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one

I

was covered in blood when the police found me. Head to toe: in my hair, on my eyelashes, in the skin

between my toes. Dried so deep into my clothes they were taken away and I never saw them again. I found flecks of it under my fingernails for days after, dried reddish brown crumbs that I clung to as they fell free, that I held as if I could somehow pull them inside me. As if I could somehow bring my parents back. I didn’t remember what happened to them. I didn’t remember finding them. I didn’t remember sitting down with their . . . with their bodies. I didn’t remember sitting with them as the night-gleaming moon rose, arching across the sky, and the stars shone. I was with them all night in the forest. I didn’t remember that either.

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2 • Ivy Devlin I didn’t even remember being found. Ron said he’d found me after he’d gotten a call from Deputy Sharpe, who was out patrolling the little section of forest where people lived. Ron had come to find the deputy crying, and me . . . And me. I was just sitting there, but when I was in the hospital I heard him tell Renee that at first he’d thought I was dead too. That I wasn’t moving. Wasn’t blinking. That I was sitting on the ground outside my home covered in blood. That I was sitting with my parents’ bodies, holding their hands in mine. That I’d tried to put what was left of them back together. That all the blood on me came from me trying to make them whole when they were broken. From me trying to put them back together. I couldn’t do it. My parents were dead. They’d died and no one knew how or why, just that it had happened. They hadn’t just died, though. My parents were murdered. Ron was sure I’d seen something. Heard something. I  was in the hospital for two days after they found me; not because I was hurt, but because I wouldn’t move. I wouldn’t talk, wouldn’t eat, and wouldn’t speak. Everything inside me was dark. Gone.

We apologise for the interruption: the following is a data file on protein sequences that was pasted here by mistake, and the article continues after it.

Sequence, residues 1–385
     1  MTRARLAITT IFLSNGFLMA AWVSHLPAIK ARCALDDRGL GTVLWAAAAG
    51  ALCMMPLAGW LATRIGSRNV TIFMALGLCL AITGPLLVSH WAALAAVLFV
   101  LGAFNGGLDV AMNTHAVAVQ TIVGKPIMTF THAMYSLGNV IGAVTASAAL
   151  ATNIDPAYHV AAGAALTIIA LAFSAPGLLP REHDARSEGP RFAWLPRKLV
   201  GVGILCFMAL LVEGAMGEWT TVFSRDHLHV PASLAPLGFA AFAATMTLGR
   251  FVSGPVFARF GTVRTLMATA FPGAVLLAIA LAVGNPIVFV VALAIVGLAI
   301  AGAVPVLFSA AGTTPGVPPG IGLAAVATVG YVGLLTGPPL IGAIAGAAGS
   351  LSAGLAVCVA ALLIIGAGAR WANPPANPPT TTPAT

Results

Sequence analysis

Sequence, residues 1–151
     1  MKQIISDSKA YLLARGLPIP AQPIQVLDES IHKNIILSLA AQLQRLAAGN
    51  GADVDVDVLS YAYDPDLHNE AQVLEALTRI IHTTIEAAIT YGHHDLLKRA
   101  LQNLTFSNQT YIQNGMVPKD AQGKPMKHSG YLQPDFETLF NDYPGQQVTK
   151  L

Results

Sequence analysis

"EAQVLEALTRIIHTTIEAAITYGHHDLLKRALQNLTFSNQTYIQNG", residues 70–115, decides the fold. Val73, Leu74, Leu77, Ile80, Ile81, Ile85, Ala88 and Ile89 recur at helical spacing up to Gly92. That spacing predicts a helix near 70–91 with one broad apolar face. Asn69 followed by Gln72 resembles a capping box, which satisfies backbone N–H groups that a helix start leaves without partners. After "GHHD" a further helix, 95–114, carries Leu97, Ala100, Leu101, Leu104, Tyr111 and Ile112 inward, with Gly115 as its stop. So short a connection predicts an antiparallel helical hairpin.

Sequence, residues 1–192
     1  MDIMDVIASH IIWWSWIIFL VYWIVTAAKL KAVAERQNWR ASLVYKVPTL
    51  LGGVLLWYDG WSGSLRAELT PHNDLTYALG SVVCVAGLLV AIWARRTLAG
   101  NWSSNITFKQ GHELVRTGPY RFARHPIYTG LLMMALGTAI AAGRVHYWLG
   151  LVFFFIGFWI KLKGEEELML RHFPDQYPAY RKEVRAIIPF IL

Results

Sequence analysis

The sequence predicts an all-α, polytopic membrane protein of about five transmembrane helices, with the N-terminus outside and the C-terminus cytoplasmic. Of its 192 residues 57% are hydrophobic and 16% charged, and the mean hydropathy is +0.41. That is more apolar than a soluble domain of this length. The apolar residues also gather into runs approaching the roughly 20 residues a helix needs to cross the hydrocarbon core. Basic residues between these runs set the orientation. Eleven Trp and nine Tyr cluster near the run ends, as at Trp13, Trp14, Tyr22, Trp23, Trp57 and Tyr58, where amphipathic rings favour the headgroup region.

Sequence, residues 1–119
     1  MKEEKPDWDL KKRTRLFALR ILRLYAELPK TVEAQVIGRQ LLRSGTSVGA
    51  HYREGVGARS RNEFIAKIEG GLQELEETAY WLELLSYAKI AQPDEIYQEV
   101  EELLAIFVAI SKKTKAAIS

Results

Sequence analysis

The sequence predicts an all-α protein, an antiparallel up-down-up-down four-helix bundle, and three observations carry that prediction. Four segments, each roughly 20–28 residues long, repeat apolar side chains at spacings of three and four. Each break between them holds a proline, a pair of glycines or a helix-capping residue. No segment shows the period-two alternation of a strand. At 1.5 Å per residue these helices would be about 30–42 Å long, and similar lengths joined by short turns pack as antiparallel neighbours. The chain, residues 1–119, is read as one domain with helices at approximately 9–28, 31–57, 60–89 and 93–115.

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low red moon • 3 It was like I was dead too, just like Ron had thought when he’d first seen me. But I wasn’t dead, and Renee made me leave the hospital for the funeral. She stood next to me, holding my hand while the wooden boxes that held my parents were put in the ground. The boxes were closed tight, but I didn’t wonder if my parents were in there. I knew they were gone forever. I knew that because the one thing I did remember is what I saw when Ron put me in his car. Deputy Sharpe was off sobbing softly in the distance, the sound coming to me like it was the wind. Like noise, and nothing more. I remembered looking out Ron’s window and hearing the crying. I remembered seeing the colors of sirens cast shadows everywhere. I didn’t hear the sirens, though. In the car, I didn’t hear anything but silence. I watched those colored shadows on the ground and I watched them flicker off pieces of plastic sheeting. I remembered it looked strange to see them there, covering the soil and snaking around the trees my parents loved. I remembered the lumps under it. I remembered screaming then, screaming until my voice stopped. So when I saw the boxes, I knew who was in them. I knew my parents were gone. I watched them being lowered into the ground, I saw soil start to cover them up, and I stared at the trees

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4 • Ivy Devlin Renee pressed into the dirt, tiny saplings that would one day grow tall and true. That would grow into trees like those in the forest. I heard her whisper, “Why, John? Why?” her voice angry and sad but mostly angry, so angry, as she did it, and then watched her stand up, brushing the soil off her hands. It fell free easily, smoothly. I closed my eyes and saw dark red. I saw blood. And around that, through that, I saw silver, gleaming silver, a blur of something cruel. Inhuman. “Avery?” Renee said, and I opened my eyes. Saw the soil where my parents would forever lie. I didn’t remember finding them. I didn’t even remember the last thing I said to them. It was all gone. And yet I was still here.

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Low Red Moon by Ivy Devlin